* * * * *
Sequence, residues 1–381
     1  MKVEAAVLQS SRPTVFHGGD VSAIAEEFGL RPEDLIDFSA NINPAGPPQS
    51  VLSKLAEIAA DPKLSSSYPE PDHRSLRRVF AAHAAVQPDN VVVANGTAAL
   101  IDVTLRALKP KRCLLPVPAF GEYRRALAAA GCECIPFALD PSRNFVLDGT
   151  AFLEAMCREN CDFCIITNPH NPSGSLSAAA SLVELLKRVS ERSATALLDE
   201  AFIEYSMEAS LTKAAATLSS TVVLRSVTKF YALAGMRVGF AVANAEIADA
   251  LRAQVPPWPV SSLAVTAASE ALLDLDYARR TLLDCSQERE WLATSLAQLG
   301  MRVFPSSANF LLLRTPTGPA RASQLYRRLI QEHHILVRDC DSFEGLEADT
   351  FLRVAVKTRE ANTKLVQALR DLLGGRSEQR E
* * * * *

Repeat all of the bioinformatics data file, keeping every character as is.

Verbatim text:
Sequence, residues 1–381
     1  MKVEAAVLQS SRPTVFHGGD VSAIAEEFGL RPEDLIDFSA NINPAGPPQS
    51  VLSKLAEIAA DPKLSSSYPE PDHRSLRRVF AAHAAVQPDN VVVANGTAAL
   101  IDVTLRALKP KRCLLPVPAF GEYRRALAAA GCECIPFALD PSRNFVLDGT
   151  AFLEAMCREN CDFCIITNPH NPSGSLSAAA SLVELLKRVS ERSATALLDE
   201  AFIEYSMEAS LTKAAATLSS TVVLRSVTKF YALAGMRVGF AVANAEIADA
   251  LRAQVPPWPV SSLAVTAASE ALLDLDYARR TLLDCSQERE WLATSLAQLG
   301  MRVFPSSANF LLLRTPTGPA RASQLYRRLI QEHHILVRDC DSFEGLEADT
   351  FLRVAVKTRE ANTKLVQALR DLLGGRSEQR E